Sunday, 4 April 2010

C'est arrivé près de chez vous: Review

What's it all about?:

A hilariously satirical mockumentary that revolves around a student film crew as they follow a serial killer. As the crew document and observe his crimes, he reveals to the camera his insights on life, love, art, nature, music and society. The crew, who at first are dispassionate observers gradually begin to get caught up in the chaotic violence that surrounds the focus of their documentary: Ben.

The Good:

Where to start? Although the mix of shocking violence and black comedy may come as a bit of surprise to some viewers, this film truly is exceptional. Shot on the lowest of low budgets by four Belgian students, C'est arrivé près de chez vous (It happened near you) is both a commentary on human being's fascination with the macabre and the media's obsession with violence, but don't let that put you off.
Benoît Poelvoorde absolutely shines as the charismatic and pretentious murdering psychopath, his quick humour, awful poetry recitals and general joie de vivre endear him to the viewer, regardless of the atrocities he commits (e.g. screaming at an old lady with a heart condition in order to save a bullet). However, the mastery and strength of this film lies in its tongue in cheek ability to make the audience ask itself questions regarding complacency to violence.

The Bad:

Apart from Benoît's self penned poetry:

« Pigeon !
Oiseau à la grise robe,
Dans l'enfer des villes
À mon regard, tu te dérobes,
Tu es vraiment le plus agile. »

the film has some genuinely disturbing moments, and is not for the faint of heart.

The Downright Ugly:

Aside from the aforementioned in-your-face violence, for anyone familiar with the l'affaire Grégory, the whole 'petit Grégory' cocktail scene is pretty bad taste, in a film that in general is very distasteful.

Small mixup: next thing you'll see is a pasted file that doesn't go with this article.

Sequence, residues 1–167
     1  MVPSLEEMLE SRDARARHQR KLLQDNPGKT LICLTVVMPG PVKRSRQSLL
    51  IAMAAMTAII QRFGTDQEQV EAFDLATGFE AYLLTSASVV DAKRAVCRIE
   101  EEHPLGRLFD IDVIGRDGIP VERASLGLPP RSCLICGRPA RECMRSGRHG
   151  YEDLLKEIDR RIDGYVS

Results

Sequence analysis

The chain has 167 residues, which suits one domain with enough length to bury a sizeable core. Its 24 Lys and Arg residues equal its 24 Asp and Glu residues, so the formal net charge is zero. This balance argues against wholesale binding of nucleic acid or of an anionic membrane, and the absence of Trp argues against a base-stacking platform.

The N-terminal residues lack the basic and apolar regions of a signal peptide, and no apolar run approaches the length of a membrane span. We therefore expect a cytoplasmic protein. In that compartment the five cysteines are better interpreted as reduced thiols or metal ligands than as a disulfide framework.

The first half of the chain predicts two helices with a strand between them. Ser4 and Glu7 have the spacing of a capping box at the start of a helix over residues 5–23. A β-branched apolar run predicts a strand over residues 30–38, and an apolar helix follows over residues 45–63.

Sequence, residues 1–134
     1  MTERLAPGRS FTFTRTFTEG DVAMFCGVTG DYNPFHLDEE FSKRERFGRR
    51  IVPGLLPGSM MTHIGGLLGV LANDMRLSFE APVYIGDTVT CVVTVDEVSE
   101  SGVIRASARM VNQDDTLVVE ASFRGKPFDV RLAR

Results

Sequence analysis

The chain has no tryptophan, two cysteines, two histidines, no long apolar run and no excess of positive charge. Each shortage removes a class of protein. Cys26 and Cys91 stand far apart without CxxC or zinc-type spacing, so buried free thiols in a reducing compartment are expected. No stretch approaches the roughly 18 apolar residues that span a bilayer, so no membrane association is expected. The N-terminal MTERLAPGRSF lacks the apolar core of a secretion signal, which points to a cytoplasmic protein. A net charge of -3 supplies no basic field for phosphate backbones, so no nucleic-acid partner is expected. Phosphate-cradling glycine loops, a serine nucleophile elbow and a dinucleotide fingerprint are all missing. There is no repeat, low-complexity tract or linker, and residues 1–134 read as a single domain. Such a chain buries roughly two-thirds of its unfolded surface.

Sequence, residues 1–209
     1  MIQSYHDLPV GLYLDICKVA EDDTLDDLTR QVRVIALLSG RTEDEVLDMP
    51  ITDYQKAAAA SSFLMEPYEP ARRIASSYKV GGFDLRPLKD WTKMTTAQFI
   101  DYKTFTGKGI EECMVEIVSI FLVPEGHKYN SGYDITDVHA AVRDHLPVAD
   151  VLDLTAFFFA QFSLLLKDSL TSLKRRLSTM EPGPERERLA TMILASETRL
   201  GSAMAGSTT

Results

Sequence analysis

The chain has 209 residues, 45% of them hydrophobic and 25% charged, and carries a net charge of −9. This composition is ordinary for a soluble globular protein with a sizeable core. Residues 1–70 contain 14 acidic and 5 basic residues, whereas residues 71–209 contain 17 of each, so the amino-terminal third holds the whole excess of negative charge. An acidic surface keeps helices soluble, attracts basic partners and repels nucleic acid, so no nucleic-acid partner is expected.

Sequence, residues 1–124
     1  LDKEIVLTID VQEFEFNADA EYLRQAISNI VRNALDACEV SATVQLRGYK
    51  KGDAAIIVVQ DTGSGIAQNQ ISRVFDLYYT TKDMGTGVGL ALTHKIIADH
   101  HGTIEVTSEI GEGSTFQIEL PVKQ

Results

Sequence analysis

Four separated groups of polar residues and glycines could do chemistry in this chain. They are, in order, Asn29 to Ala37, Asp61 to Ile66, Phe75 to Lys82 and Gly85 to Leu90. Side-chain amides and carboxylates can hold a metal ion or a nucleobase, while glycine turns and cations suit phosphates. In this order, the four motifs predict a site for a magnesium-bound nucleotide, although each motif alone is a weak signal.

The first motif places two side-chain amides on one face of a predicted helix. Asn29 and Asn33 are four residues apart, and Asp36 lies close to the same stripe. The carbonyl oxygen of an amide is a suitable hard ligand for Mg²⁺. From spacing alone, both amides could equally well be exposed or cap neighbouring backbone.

Final Verdict:

One of the best things to have ever come out of Belgium, go and watch this film, unless you're an easily offended or shocked OAP / postman.

Release date: 1992
Directed by:
Rémy Belvaux, André Bonzel, Benoît Poelvoorde
Benoît Poelvoorde
Country of Origin: Belgium

Maléfique : Review

What's it all about? :

Four prisoners occupying the same cell stumble upon a spell book that seems to be the answer to escape.

Four prisoners in a cell, the new boy Carrère, imprisoned for committing a company fraud; Marcus, an aspiring transsexual and his dependent, Pâquerette the compulsive eater; and Lassale, a cravat-wearing former librarian and philosopher.
One evening, Carrère and Marcus discover a journal hidden in the wall of the cell. This journal written by a former inmate in the 1920's, the youth obsessed serial killer Danvers; seems to reveal the secret to escaping their prison. But something sinister lies within its pages......

The Good:

The fact that the majority of the film takes place in a single cell and that the first half, which is steeped in interesting character development and black humour and driven by dialogue gives Maléfique the feeling of a stage play, something made possible by the sterling effort of the cast whose interpretations of these intriguing characters help to maintain the audience's attention. In particular the ever-watchable Clovis Cornillac in his role as the butch-bitch Marcus, and Dimitri Rataud's 'more excitable than an andrex puppy' character, Pâquerette.

The Bad:

It has to be said that the main concept of the plot is a fairly familiar formula: the discovery of a strange mystical object, the characters then use said object, and subsequently discover that it's not all it was cracked up to be is something many viewers will already be accustomed to in this genre of film.

The Downright Ugly:

A vagina collage, Clovis breastfeeding his cellmate, and existential sodomy; google any of that if you dare.

Final Verdict:

A well directed horror film, with a couple of stand out moments and misfit characters that is well worth a watch, if you've got nothing better to do that is.

Release date: 2002
Directed by: Eric Valette
Starring: Gérald Laroche, Philippe Laudenbach, Clovis Cornillac, Dimitri Rataud
Country of Origin: France